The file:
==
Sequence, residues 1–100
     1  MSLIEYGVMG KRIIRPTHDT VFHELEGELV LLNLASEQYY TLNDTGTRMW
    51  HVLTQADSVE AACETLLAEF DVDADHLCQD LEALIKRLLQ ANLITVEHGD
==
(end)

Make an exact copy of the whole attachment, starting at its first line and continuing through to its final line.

Sequence, residues 1–100
     1  MSLIEYGVMG KRIIRPTHDT VFHELEGELV LLNLASEQYY TLNDTGTRMW
    51  HVLTQADSVE AACETLLAEF DVDADHLCQD LEALIKRLLQ ANLITVEHGD